Interface and Functionality

Bare-bones Android is nice, but a few more Moto extras would be even nicer


Motorola phones tends to get points with us for their really lightweight Android interface, sticking with an Android implementation that's not too far down the family tree from stock, while also adding a handful of extra features to add value.

They say you get what you pay for, and that appears to be very much the case with those Moto extras here on the G4 Play. We've really enjoyed some of the gesture commands on other Moto handsets, like double-twist-for-camera, face-down-for-do-not-disturb, or maybe our favorite, double-chop-for-flashlight.

Lenovo seriously pares things down for the G4 Play, and the only action command that remains is an upwards swipe to shrink the display for easier one-handed operation.

While the G4 Play lacks extras, we can't fault it for delivering a nice, clean Android build that's free of bloat.

Processor and Memory

An aging processor doesn't offer much “oomph” - but what do you expect for this price?

Lenovo gives the G4 Play a Snapdragon 410 processor, a step down from the 617 in the other G4s but still a really popular choice for mid-rangers; this is the same chip that the third-gen Moto G ran last year.

That means that performance takes a hit, and while this is one of the lowest-performing 2016 models we've reviewed (at least when it comes to synthetic benchmarks), you really don't need a lot of silicon to get basic day-to-day smartphone tasks accomplished. Web browsing was fluid and stutter-free, and full-res 720p video played without a hitch.


As long as you don't go in expecting this budget handset to be something it's not, you're not going to be too upset with the G4 Play's speed. But you're going to want to take things easy on the phone – it didn't take much background-app action before the interface started slowing down a bit.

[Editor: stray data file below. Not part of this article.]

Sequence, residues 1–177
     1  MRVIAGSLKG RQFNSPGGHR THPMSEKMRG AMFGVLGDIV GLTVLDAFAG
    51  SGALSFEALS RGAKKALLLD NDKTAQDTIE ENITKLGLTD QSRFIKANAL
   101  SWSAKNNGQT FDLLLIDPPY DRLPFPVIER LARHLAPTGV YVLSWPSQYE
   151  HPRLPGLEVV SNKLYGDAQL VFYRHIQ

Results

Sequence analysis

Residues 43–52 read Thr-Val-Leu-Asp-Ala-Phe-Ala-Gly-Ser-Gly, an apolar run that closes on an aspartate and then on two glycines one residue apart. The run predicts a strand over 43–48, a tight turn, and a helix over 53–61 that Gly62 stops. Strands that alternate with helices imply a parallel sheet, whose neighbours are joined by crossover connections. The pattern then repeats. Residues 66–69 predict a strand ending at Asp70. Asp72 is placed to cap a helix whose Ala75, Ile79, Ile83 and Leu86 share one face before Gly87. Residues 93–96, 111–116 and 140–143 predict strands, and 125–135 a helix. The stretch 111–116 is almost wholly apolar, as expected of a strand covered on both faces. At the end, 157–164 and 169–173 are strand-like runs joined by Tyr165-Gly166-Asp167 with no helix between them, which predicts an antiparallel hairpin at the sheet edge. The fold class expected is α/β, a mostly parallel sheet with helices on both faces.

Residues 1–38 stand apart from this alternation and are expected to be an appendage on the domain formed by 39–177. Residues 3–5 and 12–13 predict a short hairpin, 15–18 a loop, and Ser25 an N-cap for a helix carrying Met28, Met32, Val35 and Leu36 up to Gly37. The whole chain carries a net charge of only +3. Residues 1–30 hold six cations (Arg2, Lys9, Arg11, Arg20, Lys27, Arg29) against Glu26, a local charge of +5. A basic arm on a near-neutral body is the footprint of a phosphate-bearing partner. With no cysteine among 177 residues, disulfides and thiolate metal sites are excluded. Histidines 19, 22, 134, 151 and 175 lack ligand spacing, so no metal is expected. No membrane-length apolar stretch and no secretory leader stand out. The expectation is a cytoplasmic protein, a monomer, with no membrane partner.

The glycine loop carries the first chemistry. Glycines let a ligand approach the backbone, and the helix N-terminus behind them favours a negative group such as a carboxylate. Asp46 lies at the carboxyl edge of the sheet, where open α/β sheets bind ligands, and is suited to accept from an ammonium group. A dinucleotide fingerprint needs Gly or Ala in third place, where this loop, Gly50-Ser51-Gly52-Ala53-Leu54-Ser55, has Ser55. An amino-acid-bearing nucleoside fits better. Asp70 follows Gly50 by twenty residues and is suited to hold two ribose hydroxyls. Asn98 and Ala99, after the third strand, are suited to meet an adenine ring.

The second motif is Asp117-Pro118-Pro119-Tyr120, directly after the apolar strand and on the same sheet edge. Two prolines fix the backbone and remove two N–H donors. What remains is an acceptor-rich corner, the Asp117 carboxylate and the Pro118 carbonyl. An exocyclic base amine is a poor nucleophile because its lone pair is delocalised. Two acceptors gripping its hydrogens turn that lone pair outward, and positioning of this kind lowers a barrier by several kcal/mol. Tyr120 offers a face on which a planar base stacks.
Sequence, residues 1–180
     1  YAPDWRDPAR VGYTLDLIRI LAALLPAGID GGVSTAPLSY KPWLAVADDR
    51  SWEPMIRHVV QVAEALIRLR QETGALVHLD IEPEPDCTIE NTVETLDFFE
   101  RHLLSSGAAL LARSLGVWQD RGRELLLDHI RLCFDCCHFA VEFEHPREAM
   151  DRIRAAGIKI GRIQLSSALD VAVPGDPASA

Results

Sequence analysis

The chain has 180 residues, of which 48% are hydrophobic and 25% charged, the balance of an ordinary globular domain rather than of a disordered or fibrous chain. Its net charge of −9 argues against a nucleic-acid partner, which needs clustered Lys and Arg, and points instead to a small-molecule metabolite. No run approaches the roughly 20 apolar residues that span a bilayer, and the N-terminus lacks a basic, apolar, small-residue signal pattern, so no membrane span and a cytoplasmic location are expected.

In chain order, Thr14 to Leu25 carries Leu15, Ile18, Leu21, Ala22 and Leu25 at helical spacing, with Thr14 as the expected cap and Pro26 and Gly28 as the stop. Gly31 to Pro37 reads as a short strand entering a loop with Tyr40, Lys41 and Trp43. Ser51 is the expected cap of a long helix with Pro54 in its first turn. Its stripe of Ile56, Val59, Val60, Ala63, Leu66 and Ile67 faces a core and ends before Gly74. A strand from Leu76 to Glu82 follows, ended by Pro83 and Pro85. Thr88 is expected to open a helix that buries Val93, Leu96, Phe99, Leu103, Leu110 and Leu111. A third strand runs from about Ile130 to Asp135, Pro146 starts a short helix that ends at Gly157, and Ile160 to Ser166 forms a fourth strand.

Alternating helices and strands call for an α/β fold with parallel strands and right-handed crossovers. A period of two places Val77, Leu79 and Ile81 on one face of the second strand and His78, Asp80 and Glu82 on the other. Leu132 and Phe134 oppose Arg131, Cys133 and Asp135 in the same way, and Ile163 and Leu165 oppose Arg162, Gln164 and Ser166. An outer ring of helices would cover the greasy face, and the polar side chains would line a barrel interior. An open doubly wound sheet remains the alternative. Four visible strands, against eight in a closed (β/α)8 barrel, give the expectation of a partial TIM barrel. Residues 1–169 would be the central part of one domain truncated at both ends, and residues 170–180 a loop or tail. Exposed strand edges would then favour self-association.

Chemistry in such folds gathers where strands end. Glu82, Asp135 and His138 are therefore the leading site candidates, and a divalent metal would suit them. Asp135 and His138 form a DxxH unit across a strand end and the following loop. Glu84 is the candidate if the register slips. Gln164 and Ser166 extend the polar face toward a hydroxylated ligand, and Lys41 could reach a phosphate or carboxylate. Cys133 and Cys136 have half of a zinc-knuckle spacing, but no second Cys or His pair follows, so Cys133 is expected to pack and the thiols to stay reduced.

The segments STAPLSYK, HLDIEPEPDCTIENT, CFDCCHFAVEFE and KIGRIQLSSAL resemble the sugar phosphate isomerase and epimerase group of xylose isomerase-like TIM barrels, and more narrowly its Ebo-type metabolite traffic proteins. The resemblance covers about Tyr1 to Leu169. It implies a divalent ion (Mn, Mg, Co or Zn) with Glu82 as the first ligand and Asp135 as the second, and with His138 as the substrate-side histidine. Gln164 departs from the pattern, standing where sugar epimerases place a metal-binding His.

In addition to that Snapdragon 410, the G4 Play gets 2GB of RAM and 16GB of storage – meager, we know, but that's what microSD expansion is for.

AnTuTu Higher is better
Motorola Moto G4 Play 28584
Samsung Galaxy A5 (2016) 35638.33
Motorola Moto G4 46614
Sony Xperia E5 32392.33
Vellamo Metal Higher is better
Motorola Moto G4 Play 1143
Samsung Galaxy A5 (2016) 1115
Motorola Moto G4 1379
Sony Xperia E5 987.66
Vellamo Browser Higher is better
Motorola Moto G4 Play 2066
Samsung Galaxy A5 (2016) 1944
Motorola Moto G4 2808
Sony Xperia E5 2626.66
JetStream Higher is better
Motorola Moto G4 Play 18.212
Motorola Moto G4 22.703
Sony Xperia E5 19.728
GFXBench T-Rex HD on-screen Higher is better
Motorola Moto G4 Play 9.6
Samsung Galaxy A5 (2016) 14
Motorola Moto G4 18
Sony Xperia E5 15
GFXBench Manhattan 3.1 on-screen Higher is better
Motorola Moto G4 Play 4.2
Samsung Galaxy A5 (2016) 5.6
Motorola Moto G4 4.5
Sony Xperia E5 6
Basemark OS II Higher is better
Motorola Moto G4 Play 560
Samsung Galaxy A5 (2016) 763.33
Motorola Moto G4 894
Sony Xperia E5 583

Connectivity

Killer carrier support that we'd love to see on more phones

One of the coolest aspects of the other Moto G4 phones has been their broad carrier support – and specifically, how some cheap unlocked phones had no trouble connecting to Verizon and Sprint, in addition to standard GSM-based networks. Thankfully we don't have to give up that support with the Play, and it enjoys the same wide compatibility.

Our only annoyance is that the phone is designed to work with micro-SIM cards, in a world that's increasingly nano-SIM – though being forced to use an adapter is hardly an arduous requirement.

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